By Andrea Shalal
WASHINGTON, Feb 1 (Reuters) - The coup in Myanmar is expected to further dampen the already tepid interest of U.S. and Western companies in investing in Myanmar, and may prompt some big U.S. companies to pull out, trade experts and analysts said on Monday.
Total trade in goods between Myanmar and the United States amounted to nearly $1.3 billion in the first 11 months of 2020, up from $1.2 billion in all of 2019, according to U.S. Census Bureau data.
Apparel and footwear accounted for 41.4% of total U.S. goods imports, followed by luggage, which accounted for nearly 30%, and fish, which accounted for just over 4%, according to Panjiva, the supply chain research unit of S&P Global Market Intelligence.
Luggage maker Samsonite and privately owned apparel maker LL Bean are among the big importers of goods, along with retailer H&M and Adidas, Panjiva said.
U.S. direct investment data is unavailable, the U.S. Trade Representative's office said.
In the early hours of Monday, Myanmar's army handed power to military chief General Min Aung Hlaing and imposed a state of emergency for a year, saying it had responded to what it called election fraud.
The move sparked condemnation from Western leaders and raised more questions over the prospect of the return of a million Rohingya refugees.
Lucas Myers, an analyst with the Woodrow Wilson International Center for Scholars, said the coup would exacerbate strains in the U.S.-Myanmar relationship following sanctions imposed by Washington in December 2019 and would further complicate trade ties.
"On trade, the Rohingya situation and Myanmar's troubled human rights record rendered investment less attractive for Western firms as compared with China," Myers said.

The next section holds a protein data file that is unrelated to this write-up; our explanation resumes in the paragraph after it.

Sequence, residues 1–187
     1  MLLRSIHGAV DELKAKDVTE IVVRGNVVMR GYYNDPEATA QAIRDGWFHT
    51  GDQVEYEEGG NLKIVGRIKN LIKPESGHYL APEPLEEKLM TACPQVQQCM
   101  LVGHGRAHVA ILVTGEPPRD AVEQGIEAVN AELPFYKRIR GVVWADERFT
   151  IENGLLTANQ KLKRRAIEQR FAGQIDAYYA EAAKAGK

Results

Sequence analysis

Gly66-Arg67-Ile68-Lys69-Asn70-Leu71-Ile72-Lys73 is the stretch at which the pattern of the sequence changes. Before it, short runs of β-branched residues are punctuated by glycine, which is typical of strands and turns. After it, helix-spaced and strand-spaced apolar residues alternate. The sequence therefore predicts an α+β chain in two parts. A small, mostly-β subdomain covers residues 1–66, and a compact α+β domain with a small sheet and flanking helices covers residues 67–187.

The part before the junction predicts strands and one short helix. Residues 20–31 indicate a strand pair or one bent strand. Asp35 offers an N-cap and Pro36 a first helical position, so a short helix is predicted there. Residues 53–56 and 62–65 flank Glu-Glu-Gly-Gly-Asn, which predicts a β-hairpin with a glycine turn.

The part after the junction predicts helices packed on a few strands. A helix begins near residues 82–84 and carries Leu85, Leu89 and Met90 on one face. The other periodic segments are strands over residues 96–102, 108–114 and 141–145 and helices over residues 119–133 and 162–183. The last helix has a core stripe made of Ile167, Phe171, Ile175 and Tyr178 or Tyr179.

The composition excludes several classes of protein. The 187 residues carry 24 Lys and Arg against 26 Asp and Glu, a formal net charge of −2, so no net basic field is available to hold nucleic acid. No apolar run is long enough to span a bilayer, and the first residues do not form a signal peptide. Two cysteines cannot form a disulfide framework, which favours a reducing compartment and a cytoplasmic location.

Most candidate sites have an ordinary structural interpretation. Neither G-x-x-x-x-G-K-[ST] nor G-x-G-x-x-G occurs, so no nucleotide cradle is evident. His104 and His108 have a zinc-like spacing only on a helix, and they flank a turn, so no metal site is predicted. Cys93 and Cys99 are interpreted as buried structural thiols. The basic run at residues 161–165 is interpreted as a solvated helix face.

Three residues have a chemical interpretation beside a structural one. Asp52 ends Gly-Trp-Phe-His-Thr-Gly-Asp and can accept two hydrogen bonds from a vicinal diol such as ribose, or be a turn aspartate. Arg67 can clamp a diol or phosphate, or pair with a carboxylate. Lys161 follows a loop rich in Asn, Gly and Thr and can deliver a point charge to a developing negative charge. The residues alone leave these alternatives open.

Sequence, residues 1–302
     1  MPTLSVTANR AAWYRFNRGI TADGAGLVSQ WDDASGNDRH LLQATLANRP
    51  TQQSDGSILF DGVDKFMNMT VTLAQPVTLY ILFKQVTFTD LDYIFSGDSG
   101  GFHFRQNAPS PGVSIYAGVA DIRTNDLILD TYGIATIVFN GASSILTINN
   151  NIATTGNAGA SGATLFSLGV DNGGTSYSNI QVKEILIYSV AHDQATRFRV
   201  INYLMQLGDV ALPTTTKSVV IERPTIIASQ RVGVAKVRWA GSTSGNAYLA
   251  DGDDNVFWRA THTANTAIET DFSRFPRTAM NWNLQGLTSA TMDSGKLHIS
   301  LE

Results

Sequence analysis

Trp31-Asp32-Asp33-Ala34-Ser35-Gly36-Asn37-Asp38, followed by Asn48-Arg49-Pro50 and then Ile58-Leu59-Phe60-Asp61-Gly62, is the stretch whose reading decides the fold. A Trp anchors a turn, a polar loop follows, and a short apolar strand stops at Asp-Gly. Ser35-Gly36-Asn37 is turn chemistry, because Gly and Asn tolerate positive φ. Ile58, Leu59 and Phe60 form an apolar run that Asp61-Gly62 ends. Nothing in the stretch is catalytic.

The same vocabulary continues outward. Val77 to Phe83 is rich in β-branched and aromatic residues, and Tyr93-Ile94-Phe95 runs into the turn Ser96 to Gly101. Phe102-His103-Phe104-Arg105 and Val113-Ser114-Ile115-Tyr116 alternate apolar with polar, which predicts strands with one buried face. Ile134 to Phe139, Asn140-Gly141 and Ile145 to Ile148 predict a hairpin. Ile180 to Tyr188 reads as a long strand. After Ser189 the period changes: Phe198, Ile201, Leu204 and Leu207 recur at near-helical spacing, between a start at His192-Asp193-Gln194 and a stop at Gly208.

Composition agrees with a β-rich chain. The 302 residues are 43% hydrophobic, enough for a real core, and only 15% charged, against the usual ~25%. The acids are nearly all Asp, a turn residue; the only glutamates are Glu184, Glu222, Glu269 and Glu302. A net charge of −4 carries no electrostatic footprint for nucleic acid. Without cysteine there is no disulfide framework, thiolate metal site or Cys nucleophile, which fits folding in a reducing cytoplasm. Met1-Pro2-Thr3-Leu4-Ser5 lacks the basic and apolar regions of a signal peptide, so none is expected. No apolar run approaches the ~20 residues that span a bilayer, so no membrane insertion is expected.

The administration of U.S. President Joe Biden on Monday threatened to reimpose sanctions on Myanmar's military leaders.
William Reinsch, a former senior U.S. Commerce Department official and trade expert with the Center for Strategic and International Studies think tank, said U.S. companies could opt to pull out of Myanmar, given new developments and the Biden administration's vow to focus more on human rights.
While some U.S. companies had moved work from China to Myanmar in recent years to take advantage of lower wages, the country's infrastructure was still lacking, which had kept investment from booming, he added.
Most of the U.S. work was in relatively low capital-intensive industries and could be relocated fairly easily, Reinsch said. "It's not semiconductors. These factories are relatively easy to set up," he said.
The American Footwear and Apparel Association and the U.S. Chamber of Commerce had no immediate comment.
(Reporting by Andrea Shalal; additional reporting by Simon Lewis; Editing by Heather Timmons and Rosalba O'Brien)